Along came winter and I was relieved that I could finally wear pants and long-sleeve shirts without sweating. My parents took me shopping because I was in need of a new jacket. I insisted that we go to Abercrombie and Fitch because ‘that’s what the popular kids wore.’ I found a perfect jacket, but I figured I would look at the shirts too. And then I saw it. A navy blue t-shirt with the phrase ‘DO I MAKE YOU LOOK FAT?’ in bright blue lettering on the front. The shirt spoke to me. I felt as if it were specifically made for me and my situation. Of course, I was only 13 and couldn’t process how offensive and potentially hurtful it could be to others. I could only imagine myself wearing it to school; the bullies would read it and realize the only reason they were picking on me was because they were insecure with their own bodies. Maybe if they realized that, they would leave me alone. It was worth a try. So my parents let me get the shirt.
I hesitated wearing the shirt to school at first, because I wasn’t sure if it would make things better or make them worse. I continued to try my hardest to gain weight. I would bring my own packed lunch as well as eat the school lunch. Then a new rumor began spreading that I was bulimic and would throw up all the food I ate. Someone had actually said they heard me throwing up in the bathroom. So that proved it, right? I must have an eating disorder. A few of my friends actually started believing the rumors. After all, they had never followed me into the bathroom to see if I didn’t throw up. I was damned if I didn’t eat enough food and I was damned if I ate too much food. I didn’t know what to do. I felt so alone. No matter how hard I tried to dispute the rumors, nobody would believe me. I felt as though I had one last resort… the shirt.
The day I finally wore the shirt to school, I made sure the bullies saw it. I had had enough. I didn’t wear a jacket to cover myself up. I got several dirty looks from people as they read the bold letters, ‘DO I MAKE YOU LOOK FAT?’ But nobody said anything. It felt good. I thought that this shirt had done the trick and now they will all leave me alone. But later in the day, I got called to the office. A collective, “Oooooooo” came from the rest of the students in the classroom as I got up and walked out. On my way to the office, I knew exactly why I had been called there. They sent me to the counselor’s room and she began to explain that my shirt had been reported as offensive and I was ordered to remove it immediately. Since my parents were at work and weren’t available to bring me a different shirt, I was forced to wear one of their extra spirit shirts that had our school mascot on the front. The shirt that they gave me was a small, but on me it looked like an extra-large. Once I had changed, they brought me back into the counselor’s office to explain why I was wearing such an offensive shirt. I realized at that moment that I was the one being labeled as a bully. Oh, the irony. I told her what had been happening to me at school. People were making fun of me because I was so skinny and now rumors had spread that I had an eating disorder. I broke down and cried. I spilled out every hurtful thing that had been said to me. I clarified that I didn’t wear the shirt to hurt anyone’s feelings. I wore it because it was my way of standing up to the bullies. I’m not sure if the counselor just didn’t listen to me or if she misunderstood what I was saying. She said, “Often, girls who have eating disorders have a hard time admitting it to themselves.” She just told me to continue to eat healthy and then handed me a brochure with information about anorexia and bulimia. I looked up at her blankly and utterly speechless. Her final words to me were, “You can come talk to me for support or questions anytime, but right now you need to return to class.” As I left the office, I had to ask myself, “What just happened? Now adults think I have an eating disorder too?” I was only 13 years old and I came to the very mature conclusion that nobody was going to help me, but me. The rest of that day was miserable. But I was determined to make the following days better.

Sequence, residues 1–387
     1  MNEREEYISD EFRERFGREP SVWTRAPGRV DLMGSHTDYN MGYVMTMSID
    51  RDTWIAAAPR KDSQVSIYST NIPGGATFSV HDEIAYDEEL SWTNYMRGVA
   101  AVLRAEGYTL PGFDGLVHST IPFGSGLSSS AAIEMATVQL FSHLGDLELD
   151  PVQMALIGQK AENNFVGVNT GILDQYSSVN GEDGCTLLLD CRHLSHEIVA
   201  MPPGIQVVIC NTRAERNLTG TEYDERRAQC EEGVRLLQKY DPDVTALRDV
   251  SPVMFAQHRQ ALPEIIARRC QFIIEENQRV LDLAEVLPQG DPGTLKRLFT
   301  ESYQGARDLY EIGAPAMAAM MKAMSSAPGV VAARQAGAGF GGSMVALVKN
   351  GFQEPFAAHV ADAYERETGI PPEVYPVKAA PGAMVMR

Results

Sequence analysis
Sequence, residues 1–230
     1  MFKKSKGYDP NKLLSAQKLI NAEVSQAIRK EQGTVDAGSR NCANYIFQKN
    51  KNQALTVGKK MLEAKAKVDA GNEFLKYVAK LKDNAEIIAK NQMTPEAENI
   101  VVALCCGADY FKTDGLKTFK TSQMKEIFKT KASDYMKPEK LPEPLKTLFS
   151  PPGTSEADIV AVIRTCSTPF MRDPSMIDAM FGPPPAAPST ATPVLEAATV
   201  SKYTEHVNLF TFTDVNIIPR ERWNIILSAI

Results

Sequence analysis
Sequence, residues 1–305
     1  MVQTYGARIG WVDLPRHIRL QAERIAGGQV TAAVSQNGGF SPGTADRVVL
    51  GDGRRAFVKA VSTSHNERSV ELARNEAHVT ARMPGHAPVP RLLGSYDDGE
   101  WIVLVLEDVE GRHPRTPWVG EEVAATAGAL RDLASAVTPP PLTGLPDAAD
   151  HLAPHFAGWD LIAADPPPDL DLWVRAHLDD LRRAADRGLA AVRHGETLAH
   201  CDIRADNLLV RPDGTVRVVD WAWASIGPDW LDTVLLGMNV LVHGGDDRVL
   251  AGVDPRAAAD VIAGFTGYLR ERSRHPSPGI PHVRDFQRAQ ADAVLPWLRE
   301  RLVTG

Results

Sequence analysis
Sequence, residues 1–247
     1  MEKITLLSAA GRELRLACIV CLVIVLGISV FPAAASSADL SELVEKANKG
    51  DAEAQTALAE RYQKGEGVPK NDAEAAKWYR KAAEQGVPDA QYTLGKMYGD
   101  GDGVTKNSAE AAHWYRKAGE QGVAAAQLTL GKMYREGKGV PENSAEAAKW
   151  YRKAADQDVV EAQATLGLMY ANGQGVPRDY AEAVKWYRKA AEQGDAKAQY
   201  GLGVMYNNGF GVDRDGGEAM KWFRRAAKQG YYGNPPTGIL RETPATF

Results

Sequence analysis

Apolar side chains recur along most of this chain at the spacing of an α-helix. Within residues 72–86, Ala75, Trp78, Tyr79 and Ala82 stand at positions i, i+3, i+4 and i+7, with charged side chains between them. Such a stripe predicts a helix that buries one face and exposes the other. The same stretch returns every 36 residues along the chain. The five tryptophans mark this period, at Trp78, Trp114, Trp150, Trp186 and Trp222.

I ignored the hateful words and just tried to be my normal, outgoing, bubbly self. Throughout 7th and 8th grade, I did continue to get bullied here and there, but once the anorexic and bulimic rumors died down, I started to get picked on for other things. My hair was too flat, as was my chest, I hadn’t had my period yet, I wasn’t tan enough, I was too tall, my pants didn’t fit me right, I didn’t wear perfume, my head was too small, my voice was annoying, and someone actually tried to make fun of me because my middle name was Marie. Like really? Is that the best you can come up with? I discovered that some kids are just mean and they will think of anything to bring others down because that’s easier than facing their own insecurities. Although I still got teased, I didn’t let the words of others hurt me. I continued just being myself. And when 8th grade graduation day came, I wore my really pretty skirt and a camisole top. I didn’t hide my body, because I knew I looked beautiful and confident. I tried to be strong on the outside but inside, I was secretly still tormented by the words that had been said to me.